The entertainment before and between races was really good too. The photo doesn’t do them credit but the singers and dancers performing beneath the indoor big screen were exceptionally good.
Betting went OK today
The second race was a Conditions Stakes for two year olds over the extended mile, the winner of which received not only a prize of £12k but also an entry into next years Derby, yet attracted only three runners. Mark Johnston had booked course specialist Silvestre De Sousa to ride Persian Moon who I felt looked likely to have an uncontested lead and would be very difficult to pass should SDS get his fractions right. This was a view was shared by my buddy on twitter @genuinetriers and was therefore a very confident bet. Confidence was rewarded as Persian Moon passed the post a length and three quarters to the good and largely unchallenged.
The third race on the card, a 0-90 handicap also over the extended mile looked competitive enough with a number having some sort of chance. The one that caught my eye at a decent price was Macaque. Although, he hadn’t won since his two year old days (at Brighton), his last couple of races seemed an improvement of his form earlier this season and I reckoned he had a decent chance at around 10/1 early. The bottom line is that I got this totally wrong. He tracked the leader and then joined 3f out but once push came to shove, he just didn’t have the necessary change of gear. He did cling on to finish fourth though and rewarded my place investment on Betfair.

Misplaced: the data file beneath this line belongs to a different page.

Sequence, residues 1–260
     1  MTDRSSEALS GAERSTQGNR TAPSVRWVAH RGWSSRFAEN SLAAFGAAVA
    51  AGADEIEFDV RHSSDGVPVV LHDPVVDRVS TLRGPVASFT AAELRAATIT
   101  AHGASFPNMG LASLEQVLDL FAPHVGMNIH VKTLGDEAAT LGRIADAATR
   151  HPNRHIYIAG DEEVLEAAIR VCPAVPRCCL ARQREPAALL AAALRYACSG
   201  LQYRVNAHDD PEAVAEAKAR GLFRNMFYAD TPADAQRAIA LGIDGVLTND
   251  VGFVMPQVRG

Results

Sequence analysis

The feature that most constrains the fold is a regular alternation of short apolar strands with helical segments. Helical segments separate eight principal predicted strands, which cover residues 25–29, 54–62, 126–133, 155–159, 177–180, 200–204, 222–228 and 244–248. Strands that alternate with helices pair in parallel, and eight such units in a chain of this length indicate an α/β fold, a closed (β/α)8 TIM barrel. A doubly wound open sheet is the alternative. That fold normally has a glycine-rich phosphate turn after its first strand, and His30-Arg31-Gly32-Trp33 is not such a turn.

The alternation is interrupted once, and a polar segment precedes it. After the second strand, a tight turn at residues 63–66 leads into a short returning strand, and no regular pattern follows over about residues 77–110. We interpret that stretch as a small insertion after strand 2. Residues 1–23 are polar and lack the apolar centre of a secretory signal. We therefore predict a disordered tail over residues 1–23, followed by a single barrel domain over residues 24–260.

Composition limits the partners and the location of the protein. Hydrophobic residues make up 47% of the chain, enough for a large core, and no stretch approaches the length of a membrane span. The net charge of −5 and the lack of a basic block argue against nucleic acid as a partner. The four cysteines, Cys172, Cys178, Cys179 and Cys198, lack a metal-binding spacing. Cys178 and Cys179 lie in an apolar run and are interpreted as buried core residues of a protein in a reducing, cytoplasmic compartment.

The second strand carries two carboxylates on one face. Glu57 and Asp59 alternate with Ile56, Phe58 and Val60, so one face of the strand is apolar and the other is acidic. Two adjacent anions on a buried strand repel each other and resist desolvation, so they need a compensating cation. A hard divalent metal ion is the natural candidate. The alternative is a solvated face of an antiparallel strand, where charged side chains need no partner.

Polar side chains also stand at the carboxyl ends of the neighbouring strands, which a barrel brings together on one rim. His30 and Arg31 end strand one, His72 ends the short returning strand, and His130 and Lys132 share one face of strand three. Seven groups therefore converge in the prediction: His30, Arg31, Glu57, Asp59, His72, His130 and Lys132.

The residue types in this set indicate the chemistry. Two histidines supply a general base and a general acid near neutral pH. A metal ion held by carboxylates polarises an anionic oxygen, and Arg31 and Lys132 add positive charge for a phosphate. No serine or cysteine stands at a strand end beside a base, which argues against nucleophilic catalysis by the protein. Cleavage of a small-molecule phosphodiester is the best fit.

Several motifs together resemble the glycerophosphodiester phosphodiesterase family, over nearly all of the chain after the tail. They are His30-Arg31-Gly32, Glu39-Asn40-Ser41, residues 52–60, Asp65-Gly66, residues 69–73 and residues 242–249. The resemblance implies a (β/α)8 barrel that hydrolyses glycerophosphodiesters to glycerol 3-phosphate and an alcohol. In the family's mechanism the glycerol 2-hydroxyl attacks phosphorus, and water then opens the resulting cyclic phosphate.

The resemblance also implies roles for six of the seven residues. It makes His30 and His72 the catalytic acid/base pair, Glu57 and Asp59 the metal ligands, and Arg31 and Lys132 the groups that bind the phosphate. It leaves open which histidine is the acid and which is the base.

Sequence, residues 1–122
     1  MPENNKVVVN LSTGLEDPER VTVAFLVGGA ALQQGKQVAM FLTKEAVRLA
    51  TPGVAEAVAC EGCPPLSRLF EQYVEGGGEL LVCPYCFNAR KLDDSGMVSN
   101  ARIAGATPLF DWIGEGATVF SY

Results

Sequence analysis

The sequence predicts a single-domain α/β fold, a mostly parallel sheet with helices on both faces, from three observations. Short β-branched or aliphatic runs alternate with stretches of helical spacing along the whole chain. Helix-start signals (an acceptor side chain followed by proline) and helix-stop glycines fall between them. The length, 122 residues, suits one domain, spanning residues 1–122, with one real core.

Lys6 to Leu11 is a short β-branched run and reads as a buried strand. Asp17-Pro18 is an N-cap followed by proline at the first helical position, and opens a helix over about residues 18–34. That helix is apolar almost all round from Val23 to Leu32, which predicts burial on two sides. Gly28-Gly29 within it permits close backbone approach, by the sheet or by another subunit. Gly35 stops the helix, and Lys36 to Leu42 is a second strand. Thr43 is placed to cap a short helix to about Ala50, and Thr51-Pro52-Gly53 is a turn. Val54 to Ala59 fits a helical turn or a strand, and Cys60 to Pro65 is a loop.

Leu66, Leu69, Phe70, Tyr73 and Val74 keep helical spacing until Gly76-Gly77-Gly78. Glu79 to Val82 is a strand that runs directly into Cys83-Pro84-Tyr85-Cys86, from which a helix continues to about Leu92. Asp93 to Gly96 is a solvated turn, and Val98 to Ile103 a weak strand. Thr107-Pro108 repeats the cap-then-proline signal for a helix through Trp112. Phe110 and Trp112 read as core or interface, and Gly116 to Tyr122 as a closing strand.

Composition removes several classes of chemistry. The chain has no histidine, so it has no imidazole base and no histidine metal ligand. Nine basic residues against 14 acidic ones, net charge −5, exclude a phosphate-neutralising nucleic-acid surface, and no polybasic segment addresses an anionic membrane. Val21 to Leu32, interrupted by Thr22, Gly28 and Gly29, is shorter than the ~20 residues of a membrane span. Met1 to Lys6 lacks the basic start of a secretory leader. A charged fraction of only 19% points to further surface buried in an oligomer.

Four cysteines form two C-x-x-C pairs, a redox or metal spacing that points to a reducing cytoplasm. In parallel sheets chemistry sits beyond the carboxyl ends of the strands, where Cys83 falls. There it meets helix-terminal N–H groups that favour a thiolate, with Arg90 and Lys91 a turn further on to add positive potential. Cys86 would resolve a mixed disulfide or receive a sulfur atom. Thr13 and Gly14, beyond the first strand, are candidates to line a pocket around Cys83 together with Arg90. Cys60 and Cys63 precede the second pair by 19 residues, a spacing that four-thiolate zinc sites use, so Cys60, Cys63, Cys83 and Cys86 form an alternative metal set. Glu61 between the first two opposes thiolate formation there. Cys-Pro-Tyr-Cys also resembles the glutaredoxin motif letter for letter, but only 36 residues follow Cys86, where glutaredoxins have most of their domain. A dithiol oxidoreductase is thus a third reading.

My final interest came in the fifth race, a 0-80 handicap over 7f. De Vegas Kid had won five of his last six and seemed still on the upgrade, despite the steady climb up the handicap. I think todays field was a touch better than he had raced against previously though so cautiously just had a bet in the four places market on Betfair. Maybe today was the day that the handicapper finally caught up with him, finishing 7th without ever getting in a blow at the leaders.
I’m happy now that I’ve covered all the flat tracks and have something very special to look forward to next weekend……!!